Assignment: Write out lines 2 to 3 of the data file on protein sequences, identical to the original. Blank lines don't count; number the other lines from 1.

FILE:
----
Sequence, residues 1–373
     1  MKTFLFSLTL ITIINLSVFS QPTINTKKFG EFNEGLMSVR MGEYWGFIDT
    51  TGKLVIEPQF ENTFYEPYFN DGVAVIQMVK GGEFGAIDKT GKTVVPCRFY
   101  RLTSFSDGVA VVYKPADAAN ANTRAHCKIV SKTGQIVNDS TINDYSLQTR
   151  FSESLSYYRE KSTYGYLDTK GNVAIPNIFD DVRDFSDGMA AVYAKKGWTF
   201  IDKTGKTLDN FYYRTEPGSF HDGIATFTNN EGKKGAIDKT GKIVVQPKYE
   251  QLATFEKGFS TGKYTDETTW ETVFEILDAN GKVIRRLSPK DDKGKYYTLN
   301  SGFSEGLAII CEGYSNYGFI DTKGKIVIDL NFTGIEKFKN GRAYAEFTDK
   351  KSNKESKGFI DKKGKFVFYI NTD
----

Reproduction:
     1  MKTFLFSLTL ITIINLSVFS QPTINTKKFG EFNEGLMSVR MGEYWGFIDT
    51  TGKLVIEPQF ENTFYEPYFN DGVAVIQMVK GGEFGAIDKT GKTVVPCRFY